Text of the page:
The border collie breed originated in Northumberland along the borders of Scotland and England, descending from working dogs that the Vikings used to herd their reindeer. The American Kennel Club first recognized the border collie as a distinct breed in 1995 but most border collie breeds can trace their lineage back to one sire, "Old Hemp" who lived in 1894. There is evidence that at that time hunters sported birds with nets rather than guns that the role of "pointer" breeds was different. Instead of flushing out the prey, the dogs would circle around and "herd" the birds towards the hunters. It is very likely that ancestors of border collies were used in this role as well and that may have been where modern day border collies inherited part of their excellent special and herding skills.
Border collies are medium sized dog with a body slightly longer than it is tall. There are two types of coat, a short sleek coat (smooth coat) or a longer, coarse coat. Coloring includes black and white, tricolor, red and white, black and gray, yellow, yellow and white, sable, and all black. Those with longer coats should also possess a slight mane and a tail brush. The coat is dense and does well in colder, wetter weather as one would assume from their origins. Border collies are bred primarily for their ability to work and as such confirmation differs between different specimens of the breed; these are working dogs first and foremost, not show dogs.
Border collies are very intelligent and are considered one of the most trainable dogs there are, needing only praise and attention for reward. They are very active and it is best to give them a job to occupy their mind. Their high intelligence lends them to professional jobs like herding, aiding the disabled and police work but in the absence of those opportunities, they also excel at sports like fly ball, agility and Frisbee. Border collies can be sensitive as pups and should be socialized often to prevent them from becoming shy and sound sensitive, attributes to their detriment if they are to be a family pet. They also require a firm hand so there is no question of who is in command. Given the chance, a border collie will challenge the dominance of their handler and if not given the proper amounts of exercise, both mental and physical, they can resort to destructive activities to keep themselves amused. Spend the time, however, and these dogs are excellent family pets.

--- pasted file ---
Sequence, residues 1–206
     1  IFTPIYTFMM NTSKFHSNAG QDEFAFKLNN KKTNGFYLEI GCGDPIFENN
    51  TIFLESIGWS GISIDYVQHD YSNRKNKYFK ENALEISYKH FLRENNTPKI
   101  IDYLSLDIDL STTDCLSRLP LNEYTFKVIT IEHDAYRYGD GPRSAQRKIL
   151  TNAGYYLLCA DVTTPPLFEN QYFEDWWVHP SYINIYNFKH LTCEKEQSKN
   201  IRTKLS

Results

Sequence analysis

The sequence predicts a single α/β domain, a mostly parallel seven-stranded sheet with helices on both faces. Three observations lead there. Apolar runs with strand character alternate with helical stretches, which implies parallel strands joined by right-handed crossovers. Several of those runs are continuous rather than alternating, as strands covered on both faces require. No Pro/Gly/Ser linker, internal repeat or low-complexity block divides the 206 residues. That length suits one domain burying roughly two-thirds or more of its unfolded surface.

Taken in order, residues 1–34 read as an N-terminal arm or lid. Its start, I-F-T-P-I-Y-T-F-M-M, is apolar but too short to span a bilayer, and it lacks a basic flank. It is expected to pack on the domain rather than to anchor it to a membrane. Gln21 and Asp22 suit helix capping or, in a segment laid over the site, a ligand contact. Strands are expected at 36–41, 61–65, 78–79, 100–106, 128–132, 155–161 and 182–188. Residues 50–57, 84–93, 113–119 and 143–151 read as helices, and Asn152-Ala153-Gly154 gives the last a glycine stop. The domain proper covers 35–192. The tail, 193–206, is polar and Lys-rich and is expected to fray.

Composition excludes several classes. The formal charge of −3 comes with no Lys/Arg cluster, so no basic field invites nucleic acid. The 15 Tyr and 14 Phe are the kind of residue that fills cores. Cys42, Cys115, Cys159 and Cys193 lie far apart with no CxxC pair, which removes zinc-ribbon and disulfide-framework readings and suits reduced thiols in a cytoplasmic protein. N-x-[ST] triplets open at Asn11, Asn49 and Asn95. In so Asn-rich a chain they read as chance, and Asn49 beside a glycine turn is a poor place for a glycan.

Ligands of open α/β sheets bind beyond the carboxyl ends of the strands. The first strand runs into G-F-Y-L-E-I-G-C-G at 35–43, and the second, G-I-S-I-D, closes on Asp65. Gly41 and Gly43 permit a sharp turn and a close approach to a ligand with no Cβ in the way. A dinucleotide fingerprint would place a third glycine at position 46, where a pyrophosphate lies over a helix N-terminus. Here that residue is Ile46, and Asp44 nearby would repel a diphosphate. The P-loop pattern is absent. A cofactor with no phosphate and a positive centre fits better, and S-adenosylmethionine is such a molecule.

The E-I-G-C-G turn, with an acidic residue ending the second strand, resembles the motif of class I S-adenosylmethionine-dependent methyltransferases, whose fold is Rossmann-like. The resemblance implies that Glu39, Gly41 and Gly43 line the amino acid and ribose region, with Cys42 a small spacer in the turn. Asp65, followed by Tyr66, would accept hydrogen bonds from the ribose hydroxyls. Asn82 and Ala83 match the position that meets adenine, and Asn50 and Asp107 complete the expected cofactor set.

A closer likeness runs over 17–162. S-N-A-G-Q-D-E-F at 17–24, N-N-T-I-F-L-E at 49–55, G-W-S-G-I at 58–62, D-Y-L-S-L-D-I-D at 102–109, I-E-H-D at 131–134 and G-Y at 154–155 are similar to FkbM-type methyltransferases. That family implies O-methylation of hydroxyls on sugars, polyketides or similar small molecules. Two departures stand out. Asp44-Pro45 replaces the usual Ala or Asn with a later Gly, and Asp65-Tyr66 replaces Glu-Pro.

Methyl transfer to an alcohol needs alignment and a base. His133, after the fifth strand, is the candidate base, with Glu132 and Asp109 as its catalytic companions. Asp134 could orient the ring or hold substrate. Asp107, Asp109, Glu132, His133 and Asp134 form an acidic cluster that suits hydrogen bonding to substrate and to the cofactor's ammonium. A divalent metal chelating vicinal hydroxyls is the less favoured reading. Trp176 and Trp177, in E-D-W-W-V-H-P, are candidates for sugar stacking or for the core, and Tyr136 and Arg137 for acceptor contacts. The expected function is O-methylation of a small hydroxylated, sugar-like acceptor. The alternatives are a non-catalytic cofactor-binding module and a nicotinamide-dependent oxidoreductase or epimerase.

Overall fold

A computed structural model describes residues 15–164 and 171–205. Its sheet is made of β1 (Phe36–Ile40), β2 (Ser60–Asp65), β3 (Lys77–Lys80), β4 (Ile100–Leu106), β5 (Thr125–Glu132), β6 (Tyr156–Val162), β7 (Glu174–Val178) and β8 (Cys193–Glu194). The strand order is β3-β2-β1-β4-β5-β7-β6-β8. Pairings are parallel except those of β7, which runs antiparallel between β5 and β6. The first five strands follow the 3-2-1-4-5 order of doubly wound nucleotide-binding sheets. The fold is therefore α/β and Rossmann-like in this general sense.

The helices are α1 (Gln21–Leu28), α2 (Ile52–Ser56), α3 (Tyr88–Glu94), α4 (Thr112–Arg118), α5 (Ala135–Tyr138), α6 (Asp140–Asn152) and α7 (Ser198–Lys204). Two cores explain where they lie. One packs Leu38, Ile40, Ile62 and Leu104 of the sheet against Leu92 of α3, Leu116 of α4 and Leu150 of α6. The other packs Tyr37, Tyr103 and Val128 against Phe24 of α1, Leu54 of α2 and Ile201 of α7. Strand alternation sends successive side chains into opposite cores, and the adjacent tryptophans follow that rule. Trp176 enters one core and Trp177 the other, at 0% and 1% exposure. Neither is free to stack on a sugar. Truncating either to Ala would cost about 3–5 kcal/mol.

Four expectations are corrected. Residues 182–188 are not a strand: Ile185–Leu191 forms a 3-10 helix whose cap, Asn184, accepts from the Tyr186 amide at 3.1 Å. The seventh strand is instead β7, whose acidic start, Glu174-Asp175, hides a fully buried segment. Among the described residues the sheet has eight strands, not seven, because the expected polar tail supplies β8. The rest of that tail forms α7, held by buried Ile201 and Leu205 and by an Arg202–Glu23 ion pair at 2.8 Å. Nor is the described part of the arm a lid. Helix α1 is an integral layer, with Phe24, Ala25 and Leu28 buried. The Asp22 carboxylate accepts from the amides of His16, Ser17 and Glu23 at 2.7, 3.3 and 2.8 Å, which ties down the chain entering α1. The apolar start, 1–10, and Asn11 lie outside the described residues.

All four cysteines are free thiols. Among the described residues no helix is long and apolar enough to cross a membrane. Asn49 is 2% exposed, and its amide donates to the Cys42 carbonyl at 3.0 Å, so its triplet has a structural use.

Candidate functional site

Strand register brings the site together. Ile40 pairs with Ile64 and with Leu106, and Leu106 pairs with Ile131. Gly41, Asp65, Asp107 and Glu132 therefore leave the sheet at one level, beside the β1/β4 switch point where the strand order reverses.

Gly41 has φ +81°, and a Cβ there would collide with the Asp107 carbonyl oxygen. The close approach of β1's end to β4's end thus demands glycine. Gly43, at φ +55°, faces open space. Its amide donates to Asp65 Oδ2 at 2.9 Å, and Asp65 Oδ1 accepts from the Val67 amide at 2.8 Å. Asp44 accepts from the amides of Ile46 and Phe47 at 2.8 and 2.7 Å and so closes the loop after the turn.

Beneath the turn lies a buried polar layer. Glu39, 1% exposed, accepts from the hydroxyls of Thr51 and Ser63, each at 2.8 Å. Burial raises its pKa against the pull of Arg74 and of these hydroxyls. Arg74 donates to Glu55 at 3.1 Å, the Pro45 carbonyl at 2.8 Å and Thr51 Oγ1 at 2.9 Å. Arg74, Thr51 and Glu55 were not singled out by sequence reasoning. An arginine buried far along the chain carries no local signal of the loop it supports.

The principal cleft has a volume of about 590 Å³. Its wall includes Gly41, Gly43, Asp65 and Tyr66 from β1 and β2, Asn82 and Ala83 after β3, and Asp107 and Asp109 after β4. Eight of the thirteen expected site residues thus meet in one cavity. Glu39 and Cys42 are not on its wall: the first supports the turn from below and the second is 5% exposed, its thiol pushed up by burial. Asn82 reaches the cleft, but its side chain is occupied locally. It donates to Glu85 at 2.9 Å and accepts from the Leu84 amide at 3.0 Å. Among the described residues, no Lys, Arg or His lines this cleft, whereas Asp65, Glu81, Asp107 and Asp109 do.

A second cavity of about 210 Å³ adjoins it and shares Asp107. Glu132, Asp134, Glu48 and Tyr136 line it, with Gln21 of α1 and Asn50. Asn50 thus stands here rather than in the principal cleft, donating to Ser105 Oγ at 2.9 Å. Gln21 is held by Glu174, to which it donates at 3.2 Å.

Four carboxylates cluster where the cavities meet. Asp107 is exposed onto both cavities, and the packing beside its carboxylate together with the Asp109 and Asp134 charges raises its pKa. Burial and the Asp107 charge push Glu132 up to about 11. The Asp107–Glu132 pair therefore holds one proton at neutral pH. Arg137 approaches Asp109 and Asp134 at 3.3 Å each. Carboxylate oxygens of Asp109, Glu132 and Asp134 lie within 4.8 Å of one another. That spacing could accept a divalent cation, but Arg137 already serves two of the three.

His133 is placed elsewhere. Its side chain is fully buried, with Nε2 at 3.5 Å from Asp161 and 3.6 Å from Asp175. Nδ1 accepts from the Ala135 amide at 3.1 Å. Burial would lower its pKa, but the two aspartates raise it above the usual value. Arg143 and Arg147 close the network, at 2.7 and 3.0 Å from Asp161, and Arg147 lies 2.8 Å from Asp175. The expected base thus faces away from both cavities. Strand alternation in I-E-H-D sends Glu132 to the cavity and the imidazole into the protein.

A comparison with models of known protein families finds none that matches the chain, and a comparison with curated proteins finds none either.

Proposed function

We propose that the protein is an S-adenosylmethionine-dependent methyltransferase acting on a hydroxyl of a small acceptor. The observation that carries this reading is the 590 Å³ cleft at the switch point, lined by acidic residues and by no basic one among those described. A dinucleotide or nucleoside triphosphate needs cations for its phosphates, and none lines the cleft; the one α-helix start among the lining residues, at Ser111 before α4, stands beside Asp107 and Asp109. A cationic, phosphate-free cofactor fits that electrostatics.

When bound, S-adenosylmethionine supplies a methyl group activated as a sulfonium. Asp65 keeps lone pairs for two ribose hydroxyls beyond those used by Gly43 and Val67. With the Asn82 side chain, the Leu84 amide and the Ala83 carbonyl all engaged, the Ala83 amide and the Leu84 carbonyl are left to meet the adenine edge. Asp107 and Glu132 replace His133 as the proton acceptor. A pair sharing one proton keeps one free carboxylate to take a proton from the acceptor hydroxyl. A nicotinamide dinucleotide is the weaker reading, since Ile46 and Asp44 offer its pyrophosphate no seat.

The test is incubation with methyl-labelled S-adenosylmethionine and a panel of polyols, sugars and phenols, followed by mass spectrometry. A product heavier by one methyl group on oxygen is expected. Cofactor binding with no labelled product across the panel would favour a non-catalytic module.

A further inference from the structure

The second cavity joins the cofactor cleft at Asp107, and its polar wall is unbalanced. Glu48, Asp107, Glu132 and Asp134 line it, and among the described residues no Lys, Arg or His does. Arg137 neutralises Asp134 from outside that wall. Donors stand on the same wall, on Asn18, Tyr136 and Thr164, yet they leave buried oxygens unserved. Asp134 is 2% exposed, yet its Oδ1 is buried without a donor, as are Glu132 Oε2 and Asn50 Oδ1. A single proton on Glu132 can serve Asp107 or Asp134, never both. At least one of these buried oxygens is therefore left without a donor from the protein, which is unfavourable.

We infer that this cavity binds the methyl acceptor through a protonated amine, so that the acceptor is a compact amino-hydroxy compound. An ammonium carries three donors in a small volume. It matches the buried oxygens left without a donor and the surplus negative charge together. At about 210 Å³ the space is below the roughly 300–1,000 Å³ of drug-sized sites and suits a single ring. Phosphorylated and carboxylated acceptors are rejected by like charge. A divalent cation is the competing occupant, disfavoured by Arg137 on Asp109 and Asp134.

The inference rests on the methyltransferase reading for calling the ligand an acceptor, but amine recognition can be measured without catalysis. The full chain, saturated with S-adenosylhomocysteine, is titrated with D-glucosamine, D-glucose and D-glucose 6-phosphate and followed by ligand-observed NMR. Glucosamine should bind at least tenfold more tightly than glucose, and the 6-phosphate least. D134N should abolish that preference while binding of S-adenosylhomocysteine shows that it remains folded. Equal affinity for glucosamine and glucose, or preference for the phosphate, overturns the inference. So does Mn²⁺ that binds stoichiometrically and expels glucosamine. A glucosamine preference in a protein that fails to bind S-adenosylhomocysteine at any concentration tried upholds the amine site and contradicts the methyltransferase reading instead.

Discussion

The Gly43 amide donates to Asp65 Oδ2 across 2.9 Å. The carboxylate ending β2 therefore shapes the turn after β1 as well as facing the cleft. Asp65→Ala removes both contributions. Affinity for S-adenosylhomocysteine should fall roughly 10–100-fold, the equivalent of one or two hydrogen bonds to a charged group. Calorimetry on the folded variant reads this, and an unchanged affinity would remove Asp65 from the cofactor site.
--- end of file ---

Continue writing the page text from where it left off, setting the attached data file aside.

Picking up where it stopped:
Border collies do have some known health problems including hip dysplasia, epilepsy, PRA (Collie Eye Anomaly) and deafness. Being a medium sized dog they have a life expectancy of 12-15 years. If kept for the purposes of breeding, one can expect an average of six puppies per litter though there may be as many as eight. An interesting fact about border collies is their famous border collie "eye" which the dog will use to patiently stare down livestock when herding.
Border collies are active in both mind and body, requiring extra work but those that are willing to keep them occupied with work and activity will find an excellent and intelligent dog that will be extremely loyal.